Is driving with open non-alcoholic beer illegal and are there specific ramifications for nurses who do so?
Dear Nancy replies:
Your question is well-beyond the scope of this column, but a few general comments can be made. One thing to keep in mind is that open container laws are state-specific, so what might be OK in one state may not be in another.
Many state open-container (meaning the seal of the bottle has been broken) laws often are based on federal guidelines, which apparently differentiate between low alcohol, no alcohol and alcohol-free liquids. Clearly, the specifics of the law would have to be met if one was stopped and had a non-alcohol, open container in the car, including if it was in reach of the driver, what the percentage of alcohol the beverage contained, and so forth.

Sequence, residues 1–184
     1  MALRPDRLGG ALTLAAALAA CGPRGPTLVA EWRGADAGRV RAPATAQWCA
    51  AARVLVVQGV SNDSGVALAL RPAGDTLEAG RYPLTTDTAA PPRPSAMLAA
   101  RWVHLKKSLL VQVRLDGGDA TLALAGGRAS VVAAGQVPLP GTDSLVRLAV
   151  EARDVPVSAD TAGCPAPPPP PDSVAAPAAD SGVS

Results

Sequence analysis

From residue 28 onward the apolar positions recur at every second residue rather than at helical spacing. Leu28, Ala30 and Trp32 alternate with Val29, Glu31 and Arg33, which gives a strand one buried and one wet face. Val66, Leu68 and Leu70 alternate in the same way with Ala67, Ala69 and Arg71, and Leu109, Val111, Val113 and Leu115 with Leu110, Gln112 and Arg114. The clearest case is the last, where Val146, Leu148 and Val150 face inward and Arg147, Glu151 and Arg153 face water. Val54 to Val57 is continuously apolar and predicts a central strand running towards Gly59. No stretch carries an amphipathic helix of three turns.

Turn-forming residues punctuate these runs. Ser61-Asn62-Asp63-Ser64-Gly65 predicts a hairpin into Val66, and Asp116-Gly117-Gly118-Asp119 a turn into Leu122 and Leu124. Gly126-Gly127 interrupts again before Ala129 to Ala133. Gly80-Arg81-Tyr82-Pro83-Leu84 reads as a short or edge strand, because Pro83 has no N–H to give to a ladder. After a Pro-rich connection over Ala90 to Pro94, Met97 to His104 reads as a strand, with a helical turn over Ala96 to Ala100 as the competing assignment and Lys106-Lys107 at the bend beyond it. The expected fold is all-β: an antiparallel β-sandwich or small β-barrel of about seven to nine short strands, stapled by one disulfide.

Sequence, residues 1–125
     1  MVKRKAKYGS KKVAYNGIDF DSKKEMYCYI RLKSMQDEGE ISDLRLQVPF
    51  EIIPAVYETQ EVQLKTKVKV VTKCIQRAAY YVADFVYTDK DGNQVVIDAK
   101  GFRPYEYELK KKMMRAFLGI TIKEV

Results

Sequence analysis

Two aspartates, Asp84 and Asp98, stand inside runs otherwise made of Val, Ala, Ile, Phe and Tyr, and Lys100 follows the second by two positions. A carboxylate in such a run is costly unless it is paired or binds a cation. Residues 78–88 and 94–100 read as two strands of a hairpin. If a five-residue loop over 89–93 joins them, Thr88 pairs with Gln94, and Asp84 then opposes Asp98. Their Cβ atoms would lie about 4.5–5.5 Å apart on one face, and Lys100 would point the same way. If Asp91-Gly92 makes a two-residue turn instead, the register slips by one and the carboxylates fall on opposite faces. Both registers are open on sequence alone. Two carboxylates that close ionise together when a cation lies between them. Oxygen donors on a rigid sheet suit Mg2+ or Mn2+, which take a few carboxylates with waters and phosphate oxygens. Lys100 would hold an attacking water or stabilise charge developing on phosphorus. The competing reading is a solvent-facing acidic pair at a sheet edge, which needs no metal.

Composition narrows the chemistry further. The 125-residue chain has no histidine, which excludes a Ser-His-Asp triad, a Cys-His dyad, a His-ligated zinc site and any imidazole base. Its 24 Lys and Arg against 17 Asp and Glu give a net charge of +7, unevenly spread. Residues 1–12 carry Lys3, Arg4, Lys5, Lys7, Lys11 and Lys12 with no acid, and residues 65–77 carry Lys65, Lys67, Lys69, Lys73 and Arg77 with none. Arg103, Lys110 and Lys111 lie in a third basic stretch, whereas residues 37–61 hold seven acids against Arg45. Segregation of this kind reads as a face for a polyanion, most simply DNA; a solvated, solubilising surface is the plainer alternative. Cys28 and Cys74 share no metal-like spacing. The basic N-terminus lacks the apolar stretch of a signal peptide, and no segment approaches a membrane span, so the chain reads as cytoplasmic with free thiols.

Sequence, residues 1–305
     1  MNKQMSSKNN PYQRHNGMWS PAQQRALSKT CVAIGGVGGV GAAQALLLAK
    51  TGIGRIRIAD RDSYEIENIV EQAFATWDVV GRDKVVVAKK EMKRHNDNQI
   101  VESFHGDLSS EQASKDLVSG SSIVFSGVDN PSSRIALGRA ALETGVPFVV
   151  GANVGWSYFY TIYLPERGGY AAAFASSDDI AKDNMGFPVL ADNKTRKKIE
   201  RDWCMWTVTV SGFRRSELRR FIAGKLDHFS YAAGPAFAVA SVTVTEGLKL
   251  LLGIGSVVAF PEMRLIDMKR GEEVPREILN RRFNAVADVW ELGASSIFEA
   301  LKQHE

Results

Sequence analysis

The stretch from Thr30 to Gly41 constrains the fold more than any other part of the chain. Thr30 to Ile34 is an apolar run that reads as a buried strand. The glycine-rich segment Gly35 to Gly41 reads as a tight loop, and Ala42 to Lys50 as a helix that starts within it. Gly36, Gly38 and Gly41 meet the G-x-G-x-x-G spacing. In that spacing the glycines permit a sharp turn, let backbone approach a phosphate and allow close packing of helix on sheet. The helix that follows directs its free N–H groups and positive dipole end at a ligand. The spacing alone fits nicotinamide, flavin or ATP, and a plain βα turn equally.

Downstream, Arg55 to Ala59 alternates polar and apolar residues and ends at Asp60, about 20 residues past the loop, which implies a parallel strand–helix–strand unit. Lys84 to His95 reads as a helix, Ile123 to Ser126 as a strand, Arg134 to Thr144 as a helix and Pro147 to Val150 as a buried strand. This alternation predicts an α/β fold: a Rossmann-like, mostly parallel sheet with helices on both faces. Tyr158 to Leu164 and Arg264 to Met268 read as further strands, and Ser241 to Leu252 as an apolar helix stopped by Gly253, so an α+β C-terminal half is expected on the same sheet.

Since you are a nurse licensee, it is best not to place yourself in a situation where you have any open alcoholic beverage, including a low, no or alcohol-free beverage in your car. You may be ticketed with a DUI and/or face other criminal charges.
Being convicted of a DUI and/or other similar charges can create problems for you with the state board of nursing. More and more states are looking at DUI convictions of licensed health care professionals as unprofessional conduct. Because you are a professional, you don’t leave that status at the door of your facility or your home. You are expected to be a professional at all times, even when not at work. Drinking and driving places the public at risk and is not consistent with professional conduct. Based on the state nurse practice act and rules, such a conviction can be problematic for the nurse licensee.